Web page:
December 2, 2012 at 2:37 pm

God forbid they might be held to account when they do something wrong, like the broadcast media is.

I believe the public cares a damn sight more about this than these people would like to think, and their scaremongering and smearing is he manifestation of their intention to continue as before.

I am a member of the public who believes that nothing is worth placing limits on the ability of the press to hold those in power to account. I also believe that Leveson’s key recommendation presents no such risk.

December 2, 2012 at 3:03 pm

My husband ReginaldMcfall (same Email address} signed petition. I was prevented from signing in my own right because of the
shared E mail address Why?

December 2, 2012 at 3:21 pm

I tend to agree with Caroline. Too many editors and hacks have spent so long in the sewer of fleet street journalism that they just don’t notice the stench anymore. Apart from the gullible few and the lunatic fringe, Britain’s version of America’s tea party, most people would like to see a more serious, less sordid, accountable press. Then we may even start buying newspapers again.

Mister Socksreply
December 2, 2012 at 7:19 pm
– In reply to: Mark

Mark, you just don’t get it, do you? When you talk about ‘most people’, I assume you don’t mean the 15million or so who read the Sun every week? Your pompous view typifies the problem with Hacked Off: you hate ordinary working people and would dearly love to control what it is they read in the papers they choose to buy every day. Basically, you’re just snobs with a cause.

December 2, 2012 at 7:44 pm

The press are not scared of regulation, it’s accountability they’re worried about. It’s hard to avoid the conclusion that the UK has the press it deserves. If millions of people didn’t buy the very papers which so sickened them they would lose their power overnight.

December 2, 2012 at 9:09 pm

I agree with both these comments. In spite of the horrors which have been revealed over the past year or so, (and with the exception of the News of the World which really had no choice but to close and in any case has all but been replaced by the ‘Sun on Sunday’), as far as I am aware not a single journalist nor editor has been sanctioned in any way, nor seen fit to offer sincere apology for the damage they’ve caused. All they do is posture and scaremonger.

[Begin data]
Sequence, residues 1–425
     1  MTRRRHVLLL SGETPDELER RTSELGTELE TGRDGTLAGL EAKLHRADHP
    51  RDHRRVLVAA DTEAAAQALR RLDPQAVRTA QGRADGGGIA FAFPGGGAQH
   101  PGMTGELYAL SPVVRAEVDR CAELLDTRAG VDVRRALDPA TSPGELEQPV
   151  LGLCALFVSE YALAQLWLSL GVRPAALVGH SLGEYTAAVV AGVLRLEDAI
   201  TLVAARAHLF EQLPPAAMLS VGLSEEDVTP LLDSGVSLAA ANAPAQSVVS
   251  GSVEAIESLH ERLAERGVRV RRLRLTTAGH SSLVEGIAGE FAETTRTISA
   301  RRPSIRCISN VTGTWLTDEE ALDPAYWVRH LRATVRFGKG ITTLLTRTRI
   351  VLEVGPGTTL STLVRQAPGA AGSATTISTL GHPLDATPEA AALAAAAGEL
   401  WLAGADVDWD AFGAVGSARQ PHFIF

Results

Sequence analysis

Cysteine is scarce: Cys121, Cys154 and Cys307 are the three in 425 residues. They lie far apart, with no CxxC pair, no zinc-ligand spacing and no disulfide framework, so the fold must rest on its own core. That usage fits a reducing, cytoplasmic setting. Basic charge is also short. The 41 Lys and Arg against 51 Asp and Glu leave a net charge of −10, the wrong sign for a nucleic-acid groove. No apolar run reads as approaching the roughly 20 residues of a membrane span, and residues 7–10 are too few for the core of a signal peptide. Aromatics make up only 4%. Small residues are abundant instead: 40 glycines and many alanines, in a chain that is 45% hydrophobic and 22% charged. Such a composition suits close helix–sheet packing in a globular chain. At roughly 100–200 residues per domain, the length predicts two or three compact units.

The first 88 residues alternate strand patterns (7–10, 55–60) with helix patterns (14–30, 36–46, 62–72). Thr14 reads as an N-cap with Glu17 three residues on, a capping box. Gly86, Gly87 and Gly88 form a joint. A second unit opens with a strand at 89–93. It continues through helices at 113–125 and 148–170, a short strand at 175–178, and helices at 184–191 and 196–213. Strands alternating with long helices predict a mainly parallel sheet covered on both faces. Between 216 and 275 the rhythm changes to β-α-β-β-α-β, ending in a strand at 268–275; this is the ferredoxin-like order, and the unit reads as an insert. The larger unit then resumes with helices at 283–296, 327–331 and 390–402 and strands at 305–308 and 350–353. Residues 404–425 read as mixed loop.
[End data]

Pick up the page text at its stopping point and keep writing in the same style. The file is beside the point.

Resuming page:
They have the breathtaking arrogance to peddle the myth that the public aren’t interested in this issue. How dare they? And David Cameron, whose political future (surprisingly enough) depends on the continued support of the predominantly Tory press, has the arrogance to assume we’ll all forget about it if enough time is allowed to pass and something else fills the print space.

We would all do well to remember that, given the wrong circumstances, any one of us could unexpectedly find ourselves victims of the media. How I feel for the Hillsborough families, for the Dowlers and the McCanns and so many others who never courted this kind of attention and who have conducted themselves with such courage and dignity. What agonies they must have gone through publicly reliving experiences we all count ourselves fortunate not to have had to face. Is it all to be for nothing, for the status quo? That would be the greatest injustice of all.

Richard Thomasreply
December 3, 2012 at 1:06 pm

Interesting isn’t it that Nick Clegg says implement Leveson and the Mail on Sunday finds a nasty and inaccurate smear against him and his wife in connection with a charity. Enough said really – legislate for Leveson’s findings in full.

Peter Robinsonreply
December 4, 2012 at 3:39 pm

Cameron and ‘principled’? An absolute contradiction in terms. As with most of our mealy mouthed politicians.

Let’s remember whose side he is firmly on! Sorry that he could not support Brooks more publicly I believe he texted! It is a joke that he has the gall to make any comment whatsoever. He and his mates like Hunt and Gove are so far up the bottoms of Murdoch et al that they smell of exactly the same ordure. Not that Blair etc were any better. We have a political class of little or no moral fibre. Will this change? Unlikely while we have a population that is happy to consume the garbage produced by our so called free press, and a veneer of a democracy.